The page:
Condylomata acuminata, also known as genital warts or venereal warts, are lesions in the epidermis that are caused by the human papillomavirus (HPV). HPV is able to penetrate the skin through microabrasions that result from sexual contact. Condylomata acuminata most commonly affects the penis, vagina, vulva, cervix, perianal area, and perineum. Rarely the oropharyngeal, laryngeal, and tracheal regions may be affected. Treatments include topical application of cytotoxic agents, cryotherapy, and surgical excision.
This disease is caused by various HPV strains and is considered the most common of the sexually transmitted diseases. The most common strains implicated are HPV 6 and 11, but other subtypes may lead to the same manifestation. Condylomata acuminata can occur in clusters, as either tiny discrete lesions or as large masses in the anogenital area. This explains why they are also called anogenital warts. When limited to the anal area, they are called anal warts.
In males, they frequently occur on the prepuce of the penis, while in females, they often occur on the vulva. On microscopy, the infected cells usually exhibit koilocytosis, wherein the nucleus becomes large and atypical. Another typical microscopic feature of the cells is the formation of a cytoplasmic perinuclear halo or cytoplasmic vacoulation.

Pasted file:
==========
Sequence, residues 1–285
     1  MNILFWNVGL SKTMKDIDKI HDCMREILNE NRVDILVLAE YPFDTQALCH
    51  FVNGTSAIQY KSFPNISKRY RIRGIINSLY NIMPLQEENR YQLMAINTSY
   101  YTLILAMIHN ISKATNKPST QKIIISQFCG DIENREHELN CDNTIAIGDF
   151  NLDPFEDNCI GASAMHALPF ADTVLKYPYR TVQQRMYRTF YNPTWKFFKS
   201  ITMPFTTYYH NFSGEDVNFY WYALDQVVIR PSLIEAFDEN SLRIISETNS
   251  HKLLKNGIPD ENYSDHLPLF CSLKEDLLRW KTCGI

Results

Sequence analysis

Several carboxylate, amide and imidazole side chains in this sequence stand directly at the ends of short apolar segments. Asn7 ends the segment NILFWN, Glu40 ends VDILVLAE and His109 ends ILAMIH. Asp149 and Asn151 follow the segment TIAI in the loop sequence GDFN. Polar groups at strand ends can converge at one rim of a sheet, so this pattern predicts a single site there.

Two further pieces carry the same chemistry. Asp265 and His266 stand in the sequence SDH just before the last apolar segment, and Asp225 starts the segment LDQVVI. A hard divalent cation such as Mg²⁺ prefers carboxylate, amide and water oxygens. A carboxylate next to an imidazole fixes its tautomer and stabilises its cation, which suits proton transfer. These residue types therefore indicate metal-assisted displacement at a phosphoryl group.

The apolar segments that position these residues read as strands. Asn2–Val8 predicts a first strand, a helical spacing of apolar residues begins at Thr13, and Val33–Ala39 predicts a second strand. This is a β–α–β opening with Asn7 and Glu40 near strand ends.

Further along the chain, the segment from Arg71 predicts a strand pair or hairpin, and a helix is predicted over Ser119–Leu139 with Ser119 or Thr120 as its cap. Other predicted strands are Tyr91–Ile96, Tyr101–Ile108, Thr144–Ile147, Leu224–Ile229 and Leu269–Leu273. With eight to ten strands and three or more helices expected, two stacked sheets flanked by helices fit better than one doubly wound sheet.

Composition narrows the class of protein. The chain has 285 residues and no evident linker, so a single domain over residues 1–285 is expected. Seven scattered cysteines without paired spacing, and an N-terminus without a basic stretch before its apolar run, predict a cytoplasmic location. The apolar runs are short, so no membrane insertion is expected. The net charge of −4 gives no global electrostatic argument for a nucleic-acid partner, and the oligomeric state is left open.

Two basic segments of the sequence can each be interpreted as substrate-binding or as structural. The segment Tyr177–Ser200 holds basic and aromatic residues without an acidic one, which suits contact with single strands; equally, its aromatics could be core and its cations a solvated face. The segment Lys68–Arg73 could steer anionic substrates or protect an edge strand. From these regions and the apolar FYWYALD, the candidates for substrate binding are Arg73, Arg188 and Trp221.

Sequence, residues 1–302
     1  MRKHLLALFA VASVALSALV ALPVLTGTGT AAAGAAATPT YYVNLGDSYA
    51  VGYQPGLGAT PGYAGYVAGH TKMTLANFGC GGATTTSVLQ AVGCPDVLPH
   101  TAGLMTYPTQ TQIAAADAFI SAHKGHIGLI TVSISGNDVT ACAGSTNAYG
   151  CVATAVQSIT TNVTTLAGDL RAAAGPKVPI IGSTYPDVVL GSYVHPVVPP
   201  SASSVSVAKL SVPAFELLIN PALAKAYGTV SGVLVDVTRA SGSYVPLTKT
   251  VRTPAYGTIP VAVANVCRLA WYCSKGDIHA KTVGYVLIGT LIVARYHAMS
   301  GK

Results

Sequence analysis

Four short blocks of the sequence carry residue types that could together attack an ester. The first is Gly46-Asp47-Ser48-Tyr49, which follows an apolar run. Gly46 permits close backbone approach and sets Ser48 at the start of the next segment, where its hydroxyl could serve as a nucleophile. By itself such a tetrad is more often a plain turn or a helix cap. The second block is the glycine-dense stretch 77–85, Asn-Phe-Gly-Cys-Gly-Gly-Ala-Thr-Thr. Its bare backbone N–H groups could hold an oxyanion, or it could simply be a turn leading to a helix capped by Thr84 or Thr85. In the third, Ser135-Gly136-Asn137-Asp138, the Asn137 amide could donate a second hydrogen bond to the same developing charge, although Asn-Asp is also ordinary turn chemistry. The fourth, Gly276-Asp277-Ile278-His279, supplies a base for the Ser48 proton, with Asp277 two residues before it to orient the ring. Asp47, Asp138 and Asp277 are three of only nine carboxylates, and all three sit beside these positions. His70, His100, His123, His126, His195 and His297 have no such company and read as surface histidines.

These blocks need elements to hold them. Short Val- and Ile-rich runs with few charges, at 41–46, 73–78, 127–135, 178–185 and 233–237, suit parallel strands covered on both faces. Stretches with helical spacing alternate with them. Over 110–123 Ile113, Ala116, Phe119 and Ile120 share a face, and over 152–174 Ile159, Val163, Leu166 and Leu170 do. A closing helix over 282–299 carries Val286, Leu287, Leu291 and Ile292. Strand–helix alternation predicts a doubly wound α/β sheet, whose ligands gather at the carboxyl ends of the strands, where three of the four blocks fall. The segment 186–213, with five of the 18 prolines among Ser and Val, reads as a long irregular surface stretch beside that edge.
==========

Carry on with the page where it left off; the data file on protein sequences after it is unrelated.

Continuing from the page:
Despite differences in location, the pathophysiology of condylomata acuminata is the same. Tiny lacerations or abrasions are made during sexual contact, providing a portal of entry for the human papillomavirus. The virus then infects the basal cells of the epidermis. Latency occurs, and an infected person may not have any manifestation for months to years. When latency ends, the active production of viral deoxyribonucleic acid (DNA) and other essential particles occurs, leading to warty lesions.
An affected person typically goes to the doctor due to the presence of painless bumps in the genital or perianal areas, itching, or discharge. There is no specific laboratory test for condylomata acuminata because the appearance of the warts is often enough to make a diagnosis. Tests for other viral diseases or sexually transmitted diseases, such as human immunodeficiency virus (HIV), syphilis, gonorrhea, and chlamydia, may be performed. In women, a pap smear is recommended to look for cellular abnormalities that may increase the risk for cervical cancer.
Once condylomata acuminata is diagnosed, treatments like podophyllum resin, podofilox, trichloroacetic acid, and imiquimod may be offered. When the perianal area is involved, cryotherapy may be preferred. Among the treatment options, surgical excision of the warts gives the highest success rate and the lowest recurrence rate. The prevention of HPV-associated cancers and genital warts is possible through the administration of the HPV quadrivalent vaccine.